Tuesday, January 03, 2006


Here's a short-short story I once wrote, imagining how it would have been, in a perfectly fantastical world, to woo Her like in the good ol' days, when men were men and did their own wooing with a rose.
Of course, like the mystic yarn spinners and campfire story-tellers of yore, let me assure you of one thing: this is exactly how it happened, give or take a few details.
The story starts, like many others of its ilk, in a House.

I walked out of the House, hoping against hope that this would be the day. Looked up at the sky, and stared in disbelief. Clouds. Ponderous, heavy, gray.
I chuckled. Broke into a grin.
For every cloud has a silver lining.

I walked along the Street, staring at people going by. Cycles, buses, motorcars - the finished magic wonders of our post-modern Age.
Finished is right. Our lives, devoid of meaning. The little joy that we feel, like dew before a roaring sun. And still the merciless Road goes on and on.
Save me Bilbo, my heart cried that day.
Oh yes it wept.
The Road led me on and on, through shanties and skyscrapers, through sparkling boulevards and stinking garbage dumps, through playgrounds and graveyards. Busy people with busy lives.
My City had it all.
It set me wondering then, as I traipsed along a path set in stone. Set me thinking of the choices taken by the Road as it worked its winding way through my City, of its blatant eagerness to see the latest movie. Of the inherent taste of necrophilia exhibited by its burrowing through, nay bisecting, every cemetery.
Do roads remember people? After we have trod across them, worker ants without a moment to spare?
I'm sure this Road did.

And so I walked that day, driven by a desperate desire, peering at every face that zipped past. Searching, searching.
Ask and it shall be given unto you. Seek and you shall find.
I saw Her finally. Standing under a pink umbrella (of course).
Thank you Road, I cried out. Gave a whoop of joy.
Went up to Her, out of breath, panting.
"Excuse me ma'am," I said, gasping for air.
She turned around, looked at me, calm, considering.
I went down on my knees.
Eyebrows arched up. Almost instantly.
My face was out of control, emotions breaking through and bubbling out into the open.
"Will you marry me?"
A crack of lightning.
A raindrop fell on my cheek.

Road. Pointed out my goal, took me so-close and yet-so-far. I started walking back to the House.
Dejection does not come naturally. You have to work at it, pick away at your heart.
Slush. Downpour. More slush.
Somehow reminded me, so weirdly, of rich dark brown filledwithcreamygoodness...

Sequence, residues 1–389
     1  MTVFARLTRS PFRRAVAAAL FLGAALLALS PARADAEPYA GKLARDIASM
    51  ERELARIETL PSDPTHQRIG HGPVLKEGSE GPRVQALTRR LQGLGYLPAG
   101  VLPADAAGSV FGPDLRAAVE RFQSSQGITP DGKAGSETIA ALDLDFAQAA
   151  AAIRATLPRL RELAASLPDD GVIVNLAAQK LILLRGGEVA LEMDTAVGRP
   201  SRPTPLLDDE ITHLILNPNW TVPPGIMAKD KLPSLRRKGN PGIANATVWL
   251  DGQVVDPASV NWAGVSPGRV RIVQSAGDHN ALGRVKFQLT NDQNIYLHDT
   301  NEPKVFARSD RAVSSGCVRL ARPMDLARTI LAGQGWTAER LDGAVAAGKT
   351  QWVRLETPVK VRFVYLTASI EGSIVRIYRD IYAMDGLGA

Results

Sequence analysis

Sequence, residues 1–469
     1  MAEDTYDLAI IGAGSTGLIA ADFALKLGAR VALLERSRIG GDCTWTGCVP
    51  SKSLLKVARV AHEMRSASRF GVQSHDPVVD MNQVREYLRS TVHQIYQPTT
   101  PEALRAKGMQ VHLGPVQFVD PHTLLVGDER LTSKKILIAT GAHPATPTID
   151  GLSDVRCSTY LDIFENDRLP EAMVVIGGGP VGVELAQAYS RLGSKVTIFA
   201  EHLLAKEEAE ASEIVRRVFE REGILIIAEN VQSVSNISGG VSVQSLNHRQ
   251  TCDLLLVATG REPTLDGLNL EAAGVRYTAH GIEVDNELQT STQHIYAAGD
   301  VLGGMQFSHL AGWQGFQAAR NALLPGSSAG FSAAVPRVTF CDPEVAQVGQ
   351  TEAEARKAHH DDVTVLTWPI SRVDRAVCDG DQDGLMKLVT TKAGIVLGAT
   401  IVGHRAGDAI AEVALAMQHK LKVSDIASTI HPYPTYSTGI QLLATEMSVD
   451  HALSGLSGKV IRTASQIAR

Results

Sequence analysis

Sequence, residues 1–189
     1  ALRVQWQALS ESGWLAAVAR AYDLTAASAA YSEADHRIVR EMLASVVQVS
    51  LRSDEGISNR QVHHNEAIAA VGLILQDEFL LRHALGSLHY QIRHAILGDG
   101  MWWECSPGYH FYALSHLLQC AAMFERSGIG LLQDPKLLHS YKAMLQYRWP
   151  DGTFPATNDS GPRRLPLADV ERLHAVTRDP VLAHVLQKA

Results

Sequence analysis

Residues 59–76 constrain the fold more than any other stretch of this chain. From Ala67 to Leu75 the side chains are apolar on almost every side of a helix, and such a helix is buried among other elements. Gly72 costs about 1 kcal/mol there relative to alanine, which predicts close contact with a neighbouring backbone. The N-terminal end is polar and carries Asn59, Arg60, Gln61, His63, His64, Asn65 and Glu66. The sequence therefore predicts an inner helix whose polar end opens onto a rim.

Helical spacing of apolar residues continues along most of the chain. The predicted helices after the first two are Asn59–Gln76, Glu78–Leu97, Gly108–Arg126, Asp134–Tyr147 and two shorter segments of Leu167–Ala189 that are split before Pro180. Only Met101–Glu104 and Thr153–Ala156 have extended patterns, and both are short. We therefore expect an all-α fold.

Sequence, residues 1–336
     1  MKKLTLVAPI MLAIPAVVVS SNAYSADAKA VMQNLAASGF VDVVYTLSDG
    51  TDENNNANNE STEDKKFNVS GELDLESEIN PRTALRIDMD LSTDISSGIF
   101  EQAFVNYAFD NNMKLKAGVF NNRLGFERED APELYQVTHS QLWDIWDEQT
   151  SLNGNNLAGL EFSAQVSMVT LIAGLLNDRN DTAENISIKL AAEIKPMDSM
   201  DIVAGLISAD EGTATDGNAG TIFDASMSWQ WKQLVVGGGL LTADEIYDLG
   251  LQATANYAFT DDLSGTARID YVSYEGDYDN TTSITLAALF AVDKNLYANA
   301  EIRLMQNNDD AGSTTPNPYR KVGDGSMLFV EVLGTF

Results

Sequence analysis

It was a regular thunderstorm, thumping the Beaufort scale into a wriggly earthworm of figures. The pitter-patter of tiny raindrops turning into a roar, a fusillade of tiny droplets hitting the ground with vengeance. A million Cains hitting out blindly.
It was a regular war. And Earth was getting ready to surrender.
I reached the House. Shut myself up. Opened the refrigerator. And grabbed -
It was the first day, you see.

A pattern was forming. I could feel it.
An Oracle I became, mysticism and hope mingled with a Cassandra-sense-of-foreboding.
The priestesses of Apollo would have approved.
Life became obvious. Against the laws of nature, against the laws of Earth and Man, against entropy itself, the jigsaw puzzle of my life was aligning itself rapidly, forming a statement which I refused to read.
And so it went.
Walk. Road.
Road. Walk. Slush. House.
And the gentle draughts of Morpheus.
On and on and on and on. Just like the Road.
Was Bilbo trying to help me out there?

I walked out of the House, hoping against hope that this would be the day. Looked up at the sky. And stared in disbelief.
White, flying in the rain. (How how how?)
It was a dove.
Dropped something into my hands and flew away. (Where where?)
I looked at my hands.
Chuckled. Broke into a grin.
And shook a fist at the sky.

There She was. The same pink umbrealla. The same intrigued look on Her face.
And yet, there was something different.
"Excuse me, ma'am," I said, confidently.
She turned around, looked at me, a slight smile on Her lips.
I went down on my knees.
A sigh escaped from Her lips, almost involuntarily.
I looked up at Her.
Pulled out my hand from behind by back.
"Will you marry me?"
And I gave her the Rose; the petals so perfect, raindrops glistening shyly.
She smiled.
"What's your name?" she asked. (Oh, couldn't you guess it?)
"Noah," I said.
"How long has it been, since you started?" (Oh, she knew it, she knew it all along.)
"Forty days and forty nights."

Measure for measure. I looked up at Her.
"You haven't answered my question."
She looked at me, held my hand.
And the rain stopped.

I walked onto the Road with Her.
"Where's everybody gone?" she asked, surprised. Staring at the empty City.
I glanced up at the sky, smiled at -
It was a pact. A covenant.
Between me, Her, God and Bilbo.
And the Road of course.

Of course, caveat emptor and all that... a vast chasm of space and time separates us from each other; we still haven't had a chance to re-populate Earth.
As for me, I'll try beating Methushelah's record.

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